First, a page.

Independent Clause

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What Is an Independent Clause? (with Examples)

An independent clause is a clause that can stand alone as a sentence (i.e., it expresses a complete thought).

An independent clause, like all clauses, has a subject and verb.

When there are no dependent clauses in the same sentence as an independent clause, the independent clause is a simple sentence. For example:

Examples of Independent Clauses

Here are some examples of independent clauses (shaded). Notice how they could stand alone as sentences. (This is the difference between an independent clause and a dependent clause.)

USE A COMMA BEFORE A CONJUNCTION THAT JOINS TWO INDEPENDENT CLAUSES

Writers are often unsure whether to use a comma before a coordinate conjunction (i.e., a word like and and but). You should use a comma before a coordinate conjunction that joins two independent clauses. For example: .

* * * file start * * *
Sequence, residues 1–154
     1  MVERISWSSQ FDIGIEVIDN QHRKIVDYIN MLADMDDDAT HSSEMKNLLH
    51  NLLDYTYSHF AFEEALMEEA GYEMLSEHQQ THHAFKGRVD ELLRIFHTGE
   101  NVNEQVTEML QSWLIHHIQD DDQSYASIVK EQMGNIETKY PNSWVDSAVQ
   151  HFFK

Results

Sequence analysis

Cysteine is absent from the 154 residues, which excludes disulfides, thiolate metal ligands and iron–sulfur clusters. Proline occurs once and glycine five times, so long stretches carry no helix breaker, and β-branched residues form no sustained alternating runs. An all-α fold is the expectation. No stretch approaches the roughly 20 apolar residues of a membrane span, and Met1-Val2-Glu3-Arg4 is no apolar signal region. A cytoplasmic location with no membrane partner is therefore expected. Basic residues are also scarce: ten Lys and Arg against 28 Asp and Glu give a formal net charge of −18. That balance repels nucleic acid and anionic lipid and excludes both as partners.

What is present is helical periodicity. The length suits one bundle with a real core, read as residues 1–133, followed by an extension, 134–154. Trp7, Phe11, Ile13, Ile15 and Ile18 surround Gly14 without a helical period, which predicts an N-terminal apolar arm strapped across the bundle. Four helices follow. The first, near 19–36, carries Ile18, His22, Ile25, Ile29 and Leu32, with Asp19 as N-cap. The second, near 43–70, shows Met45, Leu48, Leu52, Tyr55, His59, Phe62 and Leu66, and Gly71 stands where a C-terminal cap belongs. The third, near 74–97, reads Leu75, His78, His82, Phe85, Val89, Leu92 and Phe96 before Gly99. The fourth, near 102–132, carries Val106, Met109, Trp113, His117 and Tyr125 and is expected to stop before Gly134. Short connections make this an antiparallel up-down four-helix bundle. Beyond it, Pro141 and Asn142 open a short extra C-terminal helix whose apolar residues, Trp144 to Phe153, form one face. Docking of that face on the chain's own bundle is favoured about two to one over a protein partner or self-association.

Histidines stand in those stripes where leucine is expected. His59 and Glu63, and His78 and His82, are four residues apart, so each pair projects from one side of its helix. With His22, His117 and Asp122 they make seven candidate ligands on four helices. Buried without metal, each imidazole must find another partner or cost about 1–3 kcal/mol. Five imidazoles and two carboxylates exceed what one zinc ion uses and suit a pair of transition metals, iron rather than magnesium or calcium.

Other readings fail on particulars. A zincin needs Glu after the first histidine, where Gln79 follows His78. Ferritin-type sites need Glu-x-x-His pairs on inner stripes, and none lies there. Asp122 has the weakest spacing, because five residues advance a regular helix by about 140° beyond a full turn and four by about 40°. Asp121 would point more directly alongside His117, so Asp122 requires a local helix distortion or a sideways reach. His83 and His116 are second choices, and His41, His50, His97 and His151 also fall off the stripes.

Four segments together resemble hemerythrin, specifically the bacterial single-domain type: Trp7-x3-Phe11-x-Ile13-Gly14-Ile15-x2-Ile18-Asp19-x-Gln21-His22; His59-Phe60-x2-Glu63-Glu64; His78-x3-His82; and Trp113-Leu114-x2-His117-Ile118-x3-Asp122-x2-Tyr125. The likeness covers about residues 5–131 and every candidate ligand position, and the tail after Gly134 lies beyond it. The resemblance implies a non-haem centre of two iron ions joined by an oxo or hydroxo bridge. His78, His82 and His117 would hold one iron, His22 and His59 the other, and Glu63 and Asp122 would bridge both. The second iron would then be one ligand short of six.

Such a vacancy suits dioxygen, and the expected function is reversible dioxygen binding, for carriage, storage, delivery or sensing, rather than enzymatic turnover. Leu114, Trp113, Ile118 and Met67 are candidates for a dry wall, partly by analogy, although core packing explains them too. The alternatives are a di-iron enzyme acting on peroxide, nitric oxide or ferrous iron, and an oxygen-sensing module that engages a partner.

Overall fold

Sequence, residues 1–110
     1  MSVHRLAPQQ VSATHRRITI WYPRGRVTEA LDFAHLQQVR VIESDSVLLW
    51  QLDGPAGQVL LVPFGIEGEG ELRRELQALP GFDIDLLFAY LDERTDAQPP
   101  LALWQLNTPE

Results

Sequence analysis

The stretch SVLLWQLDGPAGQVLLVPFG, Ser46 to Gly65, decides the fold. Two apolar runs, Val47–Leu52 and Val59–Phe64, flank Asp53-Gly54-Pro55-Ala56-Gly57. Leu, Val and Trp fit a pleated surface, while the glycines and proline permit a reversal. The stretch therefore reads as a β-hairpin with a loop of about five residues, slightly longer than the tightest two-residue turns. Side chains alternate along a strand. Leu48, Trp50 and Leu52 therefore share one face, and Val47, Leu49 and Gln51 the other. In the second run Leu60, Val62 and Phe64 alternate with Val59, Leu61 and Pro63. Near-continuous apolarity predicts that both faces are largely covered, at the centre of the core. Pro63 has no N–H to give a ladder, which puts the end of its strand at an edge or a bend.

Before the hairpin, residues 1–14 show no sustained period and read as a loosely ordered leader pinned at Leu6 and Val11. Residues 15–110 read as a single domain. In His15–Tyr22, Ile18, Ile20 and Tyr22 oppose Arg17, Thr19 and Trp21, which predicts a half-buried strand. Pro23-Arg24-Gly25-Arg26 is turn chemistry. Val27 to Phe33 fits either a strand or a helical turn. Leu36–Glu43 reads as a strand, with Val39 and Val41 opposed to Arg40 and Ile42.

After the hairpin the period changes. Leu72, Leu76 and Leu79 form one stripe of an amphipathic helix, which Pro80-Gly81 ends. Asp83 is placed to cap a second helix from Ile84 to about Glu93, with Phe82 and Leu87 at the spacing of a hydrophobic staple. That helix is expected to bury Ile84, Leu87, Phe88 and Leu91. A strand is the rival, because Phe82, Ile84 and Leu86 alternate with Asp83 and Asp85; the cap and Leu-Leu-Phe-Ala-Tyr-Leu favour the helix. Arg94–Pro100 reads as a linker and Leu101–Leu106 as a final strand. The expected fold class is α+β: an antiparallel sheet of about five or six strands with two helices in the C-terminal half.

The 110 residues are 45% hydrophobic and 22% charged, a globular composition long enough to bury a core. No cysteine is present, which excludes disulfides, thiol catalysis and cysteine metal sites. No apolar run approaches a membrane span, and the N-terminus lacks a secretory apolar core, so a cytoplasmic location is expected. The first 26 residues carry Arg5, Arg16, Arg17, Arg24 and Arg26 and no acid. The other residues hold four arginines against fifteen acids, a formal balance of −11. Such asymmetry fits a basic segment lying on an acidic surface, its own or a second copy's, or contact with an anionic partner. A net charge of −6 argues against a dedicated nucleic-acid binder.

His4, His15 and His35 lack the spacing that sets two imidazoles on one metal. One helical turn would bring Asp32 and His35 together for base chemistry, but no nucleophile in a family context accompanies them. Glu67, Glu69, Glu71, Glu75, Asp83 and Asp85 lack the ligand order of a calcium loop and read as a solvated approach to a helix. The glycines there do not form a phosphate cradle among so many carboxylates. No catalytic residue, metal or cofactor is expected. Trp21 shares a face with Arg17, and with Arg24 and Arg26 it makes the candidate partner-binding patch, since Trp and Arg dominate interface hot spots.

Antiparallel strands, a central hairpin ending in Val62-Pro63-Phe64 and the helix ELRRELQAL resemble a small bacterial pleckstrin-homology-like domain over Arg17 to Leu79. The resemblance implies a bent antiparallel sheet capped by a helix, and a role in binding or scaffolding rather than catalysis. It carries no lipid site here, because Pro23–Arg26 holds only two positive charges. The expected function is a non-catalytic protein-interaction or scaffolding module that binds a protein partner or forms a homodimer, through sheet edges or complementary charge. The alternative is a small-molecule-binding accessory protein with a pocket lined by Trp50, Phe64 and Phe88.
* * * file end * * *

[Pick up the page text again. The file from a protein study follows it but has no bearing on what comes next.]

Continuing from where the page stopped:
THE MAIN TYPES OF SENTENCE

A sentence with two or more independent clauses is called a compound sentence. Here are the basic types of sentence with the independent clauses shaded:

A Quick Test



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See Also

What is a clause? What is a sentence? What is the subject of a sentence? What are verbs? What is a dependent clause? What is a simple sentence? What is a complex sentence? What is a compound sentence? What are coordinate conjunctions?